12. 12. Problems with field implementation (Bias)• Source 1: Unique object data – Object related – Object is not unique if commonly available in shops, not a memorable one . – Object distribution related - Giving to non-MSW, MSW outside the geographic area, non distribution without reporting or keeping by peer educators, giving more than one object, passing the object to others, objects are given to people who are more likely to participate in the survey or giving the object as they are recruited for the survey.• Source 2: probability survey data – Recall Bias - Failure to recall the object if recall period is long or object is not memorable, not showing the object during the survey. – Respondents who are known to peer educators are more likely to be given the object and identified and sampled for the survey (survey is not representative)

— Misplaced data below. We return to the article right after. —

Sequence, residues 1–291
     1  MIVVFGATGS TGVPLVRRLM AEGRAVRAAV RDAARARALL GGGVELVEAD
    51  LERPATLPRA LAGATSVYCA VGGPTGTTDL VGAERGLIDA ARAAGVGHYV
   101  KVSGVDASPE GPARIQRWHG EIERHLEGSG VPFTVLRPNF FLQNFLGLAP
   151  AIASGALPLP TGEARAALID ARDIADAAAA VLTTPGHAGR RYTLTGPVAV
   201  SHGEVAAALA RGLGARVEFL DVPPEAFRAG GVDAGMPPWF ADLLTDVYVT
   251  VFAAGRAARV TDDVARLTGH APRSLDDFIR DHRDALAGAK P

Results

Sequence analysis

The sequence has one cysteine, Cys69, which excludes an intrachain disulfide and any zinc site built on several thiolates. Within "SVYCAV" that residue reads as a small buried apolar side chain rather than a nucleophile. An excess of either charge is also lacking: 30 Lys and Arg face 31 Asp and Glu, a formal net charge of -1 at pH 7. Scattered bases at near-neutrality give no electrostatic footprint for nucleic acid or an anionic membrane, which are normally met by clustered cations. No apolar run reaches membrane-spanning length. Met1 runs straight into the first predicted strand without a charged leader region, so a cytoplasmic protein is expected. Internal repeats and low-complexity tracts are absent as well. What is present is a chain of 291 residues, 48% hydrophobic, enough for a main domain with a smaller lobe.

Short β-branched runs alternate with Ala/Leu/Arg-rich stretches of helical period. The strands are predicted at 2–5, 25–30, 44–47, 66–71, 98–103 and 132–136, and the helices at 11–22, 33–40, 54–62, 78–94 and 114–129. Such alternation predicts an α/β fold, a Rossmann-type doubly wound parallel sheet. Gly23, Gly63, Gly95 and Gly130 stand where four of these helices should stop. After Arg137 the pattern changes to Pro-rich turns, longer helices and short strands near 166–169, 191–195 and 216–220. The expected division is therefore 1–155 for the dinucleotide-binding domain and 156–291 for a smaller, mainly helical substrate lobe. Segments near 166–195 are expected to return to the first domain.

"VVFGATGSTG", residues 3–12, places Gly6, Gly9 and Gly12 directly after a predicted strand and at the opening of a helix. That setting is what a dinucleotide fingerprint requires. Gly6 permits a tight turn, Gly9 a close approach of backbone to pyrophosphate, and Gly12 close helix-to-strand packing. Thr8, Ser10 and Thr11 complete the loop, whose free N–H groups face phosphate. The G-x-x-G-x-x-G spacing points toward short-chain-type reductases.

13. 13. (B). Mapping-Based methods1. Study of spots with high risk activity (Mapping-Based methods) 1. Studying the whole list of spots (Census/Geographic mapping) 2. Studying hidden networks (Network mapping) 3. Studying a sample of spots (Enumeration)
    14. 14. Mapping Vs Survey-based methods Mapping MultiplierTypes of HRG Good for HRGs that are found in Listing or counts of HRG available. HRG accessible or public area. Areas can can be sampled be listedMain data Site specific sizes and site profiles Overall population estimates for largeapplications geographic areaResources Field workers familiar with HRG Existing service records and / orrequirment areas (NGO, Intervention teams etc) probability sample surveyKey challange Obtaining a comprehensive list of Achieving independence of the two sites sources of data
    15. 15. Thank you